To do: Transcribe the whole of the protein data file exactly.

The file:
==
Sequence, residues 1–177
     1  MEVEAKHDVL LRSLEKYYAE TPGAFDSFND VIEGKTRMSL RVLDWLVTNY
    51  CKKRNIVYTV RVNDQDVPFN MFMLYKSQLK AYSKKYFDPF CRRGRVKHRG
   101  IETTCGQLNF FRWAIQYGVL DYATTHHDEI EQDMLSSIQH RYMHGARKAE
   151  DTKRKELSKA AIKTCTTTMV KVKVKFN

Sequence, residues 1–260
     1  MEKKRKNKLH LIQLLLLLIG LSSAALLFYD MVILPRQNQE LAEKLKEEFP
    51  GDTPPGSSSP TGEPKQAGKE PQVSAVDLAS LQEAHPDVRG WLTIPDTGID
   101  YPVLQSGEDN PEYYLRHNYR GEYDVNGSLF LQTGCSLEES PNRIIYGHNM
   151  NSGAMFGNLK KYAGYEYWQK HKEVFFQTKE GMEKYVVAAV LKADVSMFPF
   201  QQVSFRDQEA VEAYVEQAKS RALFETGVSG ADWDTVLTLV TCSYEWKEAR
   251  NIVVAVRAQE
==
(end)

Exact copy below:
Sequence, residues 1–177
     1  MEVEAKHDVL LRSLEKYYAE TPGAFDSFND VIEGKTRMSL RVLDWLVTNY
    51  CKKRNIVYTV RVNDQDVPFN MFMLYKSQLK AYSKKYFDPF CRRGRVKHRG
   101  IETTCGQLNF FRWAIQYGVL DYATTHHDEI EQDMLSSIQH RYMHGARKAE
   151  DTKRKELSKA AIKTCTTTMV KVKVKFN

Sequence, residues 1–260
     1  MEKKRKNKLH LIQLLLLLIG LSSAALLFYD MVILPRQNQE LAEKLKEEFP
    51  GDTPPGSSSP TGEPKQAGKE PQVSAVDLAS LQEAHPDVRG WLTIPDTGID
   101  YPVLQSGEDN PEYYLRHNYR GEYDVNGSLF LQTGCSLEES PNRIIYGHNM
   151  NSGAMFGNLK KYAGYEYWQK HKEVFFQTKE GMEKYVVAAV LKADVSMFPF
   201  QQVSFRDQEA VEAYVEQAKS RALFETGVSG ADWDTVLTLV TCSYEWKEAR
   251  NIVVAVRAQE